Accept where the parent is at and work from there. Establish the immediate needs of the family. For example, if you are there to teach discipline but the family has no food, accept that your focus for that meeting must address the most urgent need.
Ask questions: but only one question at a time to reduce confusion; Only ask questions that are relevant and purposeful. Be aware that many parents with disabilities have spent a great amount of time dealing with the ‘system’ and often answer questions the way they think you would like them to be answered. It is your job to establish an honest and trusting relationship which will allow parents to feel comfortable opening up to you.
C = Clear information
Stop and think before you speak: Ask the parent how they learn information best. Provide concrete information, one concept at a time, supplemented with a visual cue if that is helpful.
Offer keyword notes so that the parent has a written reminder of what was discussed and anything that they may need to do before the next visit. Recognize that reviewing helps the individual to retain the information. Wait for the parent to process the information and to formulate their own questions.
T = Truthful
It is important to have an honest, professional relationship with your client. Make sure you acknowledge their hard work and accomplishments as well as concerns that you may have. When discussing concerns, do so in a respectful and non-confrontational way.
I = Increase skills
It is your job to work with families to increase their skills and abilities. Recognize that everyone moves at a different pace and it may take months to solidify an idea. Working with parents with developmental disabilities is a lifelong learning process and families do better when they can receive long term support. It is also your job to continue to develop your own skills to meet the ever changing demands of the people you support.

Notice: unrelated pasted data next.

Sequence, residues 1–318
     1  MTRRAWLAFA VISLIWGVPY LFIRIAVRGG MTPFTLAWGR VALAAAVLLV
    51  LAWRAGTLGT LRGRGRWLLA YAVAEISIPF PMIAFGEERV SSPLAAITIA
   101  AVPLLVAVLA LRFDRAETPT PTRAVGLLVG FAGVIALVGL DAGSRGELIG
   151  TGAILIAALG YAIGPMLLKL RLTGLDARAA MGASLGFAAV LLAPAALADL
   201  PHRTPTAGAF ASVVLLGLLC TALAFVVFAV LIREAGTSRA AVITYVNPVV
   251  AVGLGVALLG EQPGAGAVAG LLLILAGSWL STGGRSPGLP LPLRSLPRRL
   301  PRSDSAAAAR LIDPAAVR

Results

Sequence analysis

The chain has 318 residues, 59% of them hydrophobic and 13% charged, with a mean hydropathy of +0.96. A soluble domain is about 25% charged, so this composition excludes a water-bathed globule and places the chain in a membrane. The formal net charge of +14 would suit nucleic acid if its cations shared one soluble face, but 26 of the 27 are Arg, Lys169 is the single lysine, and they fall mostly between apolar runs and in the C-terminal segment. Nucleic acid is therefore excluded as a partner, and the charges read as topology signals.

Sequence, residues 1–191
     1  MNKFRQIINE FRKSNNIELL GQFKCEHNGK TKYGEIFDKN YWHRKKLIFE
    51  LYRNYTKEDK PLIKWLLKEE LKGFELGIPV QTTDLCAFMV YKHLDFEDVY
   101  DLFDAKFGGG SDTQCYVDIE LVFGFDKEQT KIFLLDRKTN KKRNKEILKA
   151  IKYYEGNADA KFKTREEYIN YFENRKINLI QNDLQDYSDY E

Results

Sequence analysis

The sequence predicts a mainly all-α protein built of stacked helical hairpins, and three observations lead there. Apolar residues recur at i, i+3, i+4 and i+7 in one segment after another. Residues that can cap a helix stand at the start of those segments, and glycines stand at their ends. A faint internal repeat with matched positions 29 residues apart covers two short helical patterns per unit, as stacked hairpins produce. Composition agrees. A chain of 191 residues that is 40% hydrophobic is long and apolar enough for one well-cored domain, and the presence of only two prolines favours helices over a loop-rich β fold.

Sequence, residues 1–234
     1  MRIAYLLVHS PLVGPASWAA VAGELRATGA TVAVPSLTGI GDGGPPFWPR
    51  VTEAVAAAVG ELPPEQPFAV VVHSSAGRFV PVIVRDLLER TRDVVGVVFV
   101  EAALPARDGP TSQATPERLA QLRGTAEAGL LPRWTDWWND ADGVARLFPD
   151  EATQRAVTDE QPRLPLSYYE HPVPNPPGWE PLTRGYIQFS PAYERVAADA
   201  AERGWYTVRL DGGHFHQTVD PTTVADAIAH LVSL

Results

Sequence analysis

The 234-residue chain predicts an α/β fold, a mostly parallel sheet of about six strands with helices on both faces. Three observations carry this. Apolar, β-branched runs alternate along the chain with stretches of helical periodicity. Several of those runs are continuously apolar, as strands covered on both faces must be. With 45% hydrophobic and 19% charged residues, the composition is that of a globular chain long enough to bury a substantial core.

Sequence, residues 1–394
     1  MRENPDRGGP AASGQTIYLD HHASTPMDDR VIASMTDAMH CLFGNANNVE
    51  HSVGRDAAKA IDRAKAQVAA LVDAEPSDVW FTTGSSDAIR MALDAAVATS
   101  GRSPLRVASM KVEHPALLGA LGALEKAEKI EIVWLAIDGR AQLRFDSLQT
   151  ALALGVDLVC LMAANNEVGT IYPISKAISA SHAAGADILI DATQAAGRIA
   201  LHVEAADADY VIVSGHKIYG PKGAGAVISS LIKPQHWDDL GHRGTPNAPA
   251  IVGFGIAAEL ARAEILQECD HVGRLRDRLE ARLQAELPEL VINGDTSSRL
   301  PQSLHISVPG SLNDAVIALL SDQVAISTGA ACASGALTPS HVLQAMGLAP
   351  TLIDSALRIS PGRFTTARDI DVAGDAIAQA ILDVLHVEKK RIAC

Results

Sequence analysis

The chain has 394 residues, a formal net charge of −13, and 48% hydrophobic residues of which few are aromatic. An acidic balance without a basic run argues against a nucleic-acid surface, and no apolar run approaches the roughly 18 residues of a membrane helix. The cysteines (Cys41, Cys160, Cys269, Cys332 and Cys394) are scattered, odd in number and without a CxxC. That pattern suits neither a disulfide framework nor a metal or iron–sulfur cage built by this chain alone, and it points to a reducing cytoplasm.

C = Creativity
Recognize that parents have often had numerous In-Home workers before. It is your responsibility to engage the parent with new and creative ideas. We do not make families ‘fit into a box’. With the parent’s approval, we build the box to fit their needs. Take the time to explore how you and your agency could best support the families and look to developing creative solutions.
Being a parent is often the first role a person with a developmental disability has that gives them validation. Support them in this role. Often the parents we support say that they never felt listened to before they met Connections. Being respectful and encouraging of a person’s abilities helps to build their confidence and goes a long way to establish a healthy, productive relationship between the parent and staff. Recognize that not all families look the same and encourage parents to make the best choices for their children and themselves.
How to help a parent in a parent’s words (PDF)
16 Tips for supporting a parent with a developmental disability (PDF)
Communicating with a parent with a developmental disability: 7 Questions (PDF)
Getting to know you – Parent Questionnaire (PDF)